We observe that we have had successful societies with all manners of institutions. The institutions and values of Japan are vastly different from the institutions and values of Hong Kong, of Taiwan, of the United States, of Britain. If you ask, “In what way are the successful countries the same and in what way are they different?” the one respect in which they are all the same is that they are based fundamentally – not exclusively but fundamentally and primarily –on the recognition of private property and the protection of private property.

In any other respect you can think of they are very different. They have different languages, different religions, different cultural circumstances. So I am certainly not knowledgeable enough about Eastern European countries to express any confident judgment about what other features are essential for them.

R&L: You forcefully argued that one of the major problems that nations face is the tyranny of interest groups, and have warned against the emergence of an “iron triangle”: interest groups working with politicians and government bureaucrats. Has such a triangle begun to emerge in Eastern Europe?

Friedman: It’s hardly a triangle yet. You must realize what the situation is in these countries. They are collectivist. They are centrally controlled. They have one class of people who have an enormous amount of power and control over the lives of the rest of the population. That remains true today; It hasn’t been abolished. You have to distinguish between the simple rejection of something called communism and the rejection of a collectivist, centralized, socialist society. That has not occurred. In all of these countries there is a real battle going on between two groups. One consists of the existing nomenclatura, the people who are currently in power, including some well-meaning intellectuals. They give lip service to a market economy, but they really favor what they call a socialist market economy. They are not ready to give up their power over the allocation of resources. They are dragging their feet on privatizing the governmental enterprises, socialist enterprises. They are the counterparts in those countries of our own so-called liberals in the United States. We in the United States know very well about such people who, with the best of intentions, believe that they know what’s good for the rest of the people better than the people themselves do. The group opposing the proponents of a socialist market economy consists of intellectuals who truly believe in private property, free markets, and a non-socialist state, who are in favor of moving very rapidly toward privatization, toward getting rid of government enterprise. It’s very unclear which way that battle is going to come out.

The situation in this respect is different in the various countries. In Poland, the outcome has not yet been decided. In Czechoslovakia the situation is more promising because the minister of finance is Vaclev Klaus, and he is a very strong proponent of moving as rapidly as possible toward a complete, really free market. He has repeatedly said that there is no third way between socialism and full-blooded capitalism. He has said the third way leads to the third world. That is a very succinct way of putting it. He has a great deal of political backing in the government, and he has initiated an extensive privatization program. So the possibilities in Czechoslovakia are looking up.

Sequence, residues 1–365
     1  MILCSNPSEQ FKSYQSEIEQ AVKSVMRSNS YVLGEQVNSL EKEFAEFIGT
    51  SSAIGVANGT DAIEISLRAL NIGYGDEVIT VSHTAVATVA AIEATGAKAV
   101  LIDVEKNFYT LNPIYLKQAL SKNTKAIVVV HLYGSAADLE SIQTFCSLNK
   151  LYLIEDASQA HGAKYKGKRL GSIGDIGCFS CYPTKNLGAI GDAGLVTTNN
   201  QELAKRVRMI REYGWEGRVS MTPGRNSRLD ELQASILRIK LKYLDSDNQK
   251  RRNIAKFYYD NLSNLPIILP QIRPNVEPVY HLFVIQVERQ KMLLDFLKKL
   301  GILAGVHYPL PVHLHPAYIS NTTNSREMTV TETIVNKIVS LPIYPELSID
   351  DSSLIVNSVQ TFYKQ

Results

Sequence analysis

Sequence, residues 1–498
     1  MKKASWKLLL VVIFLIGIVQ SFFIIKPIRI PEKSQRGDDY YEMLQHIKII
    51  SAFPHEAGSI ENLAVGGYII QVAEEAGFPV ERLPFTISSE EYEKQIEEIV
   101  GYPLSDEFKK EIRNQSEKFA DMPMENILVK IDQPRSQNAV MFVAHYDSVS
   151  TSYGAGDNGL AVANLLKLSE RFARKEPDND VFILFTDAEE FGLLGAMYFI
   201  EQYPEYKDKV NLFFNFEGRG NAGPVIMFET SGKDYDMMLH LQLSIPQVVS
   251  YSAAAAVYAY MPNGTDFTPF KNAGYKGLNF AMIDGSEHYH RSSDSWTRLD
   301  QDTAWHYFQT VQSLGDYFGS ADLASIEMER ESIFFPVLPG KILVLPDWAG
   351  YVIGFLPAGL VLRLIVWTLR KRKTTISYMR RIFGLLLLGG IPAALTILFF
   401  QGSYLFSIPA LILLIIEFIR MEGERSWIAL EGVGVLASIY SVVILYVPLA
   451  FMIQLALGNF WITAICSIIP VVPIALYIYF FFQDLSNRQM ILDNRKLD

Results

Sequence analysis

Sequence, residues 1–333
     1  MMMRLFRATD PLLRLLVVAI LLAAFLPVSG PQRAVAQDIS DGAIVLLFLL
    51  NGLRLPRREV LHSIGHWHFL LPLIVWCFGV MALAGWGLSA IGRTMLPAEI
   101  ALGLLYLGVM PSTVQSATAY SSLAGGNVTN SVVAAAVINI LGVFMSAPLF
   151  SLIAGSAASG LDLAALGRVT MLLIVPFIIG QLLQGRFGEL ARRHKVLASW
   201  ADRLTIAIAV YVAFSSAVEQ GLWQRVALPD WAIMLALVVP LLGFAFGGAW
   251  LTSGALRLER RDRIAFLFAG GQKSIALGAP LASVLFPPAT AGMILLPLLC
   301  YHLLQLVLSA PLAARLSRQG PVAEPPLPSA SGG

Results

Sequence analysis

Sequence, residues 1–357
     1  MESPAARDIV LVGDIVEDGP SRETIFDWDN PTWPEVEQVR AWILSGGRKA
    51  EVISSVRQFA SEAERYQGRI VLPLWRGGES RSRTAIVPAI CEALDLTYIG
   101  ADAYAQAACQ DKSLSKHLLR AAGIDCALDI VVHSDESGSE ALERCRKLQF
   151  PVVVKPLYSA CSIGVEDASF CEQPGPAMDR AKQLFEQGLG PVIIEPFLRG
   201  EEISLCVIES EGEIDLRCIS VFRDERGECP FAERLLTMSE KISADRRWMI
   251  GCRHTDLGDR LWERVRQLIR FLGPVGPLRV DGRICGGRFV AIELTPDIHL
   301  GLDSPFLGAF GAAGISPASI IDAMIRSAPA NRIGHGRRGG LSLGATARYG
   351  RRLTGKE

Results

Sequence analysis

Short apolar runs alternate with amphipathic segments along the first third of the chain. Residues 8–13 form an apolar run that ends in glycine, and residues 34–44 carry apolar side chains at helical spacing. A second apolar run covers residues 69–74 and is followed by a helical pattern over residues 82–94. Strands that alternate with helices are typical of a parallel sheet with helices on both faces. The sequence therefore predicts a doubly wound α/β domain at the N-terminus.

R&L: How would you see the question of church property being resolved?

Friedman: Church property?

R&L: Yes, Much of it has been collectivised by the state, taken from the church.

Friedman: There is a serious problem in all of these countries, not about the church alone, but about restitution in general. Church property ought to be treated the same way as all other property is treated. Here is the dilemma: A house has been appropriated. It’s been rebuilt, it’s been torn down, something else has been built on the land. In most of these countries, you’re talking about a gap of about forty years. It’s often hard to identify the original property.

In those particular cases where the property is unchanged, like a piece of land on which nothing has been built, that the right thing to do would be to restore it to its original owner. But in other cases, and this is what’s happening, I understand, in both Czechoslovakia and Germany, restitution should take the form of a financial settlement in lieu of a return of the specific property. Presumably some mixture of those two would be appropriate for the church as well.

R & L: How do you see the social role of religion?

Friedman: I believe churches can play a very useful role provided there are many of them. I am not happy about the case in Poland, where a church has so much of a monopoly in the religious realm.

R&L: Within the Catholic tradition there are numerous strains to the tradition so you have a kind of competition, and kind of decentralization.

Friedman: The real problem is the imperialist tendency of the church. I don’t mean in terms of land, but in terms of idea and control. The church tends to believe that it should exercise control not only over the spiritual realm but also over the material realm, and that’s where all the difficulties arise.

R&L: That is an unnecessary assertion on the part of the church.

Friedman: Unnecessary, but inevitable.

R&L: Do you think it’s inevitable? Lord Acton didn’t think so.

Friedman: Yes, it’s a human characteristic. It’s very hard for a country or a person or an institution to keep from trying to aggrandize its role and extend its influence. It’s true of you and me as individuals. We are kept in check by the existence of many other individuals. It’s true of every enterprise, it’s true of every government. The hardest thing in the world is for a government to contract, and the same thing is true of a church. After all, it believes it has absolute knowledge in one area that tends to make it believe it can acquire such knowledge in others.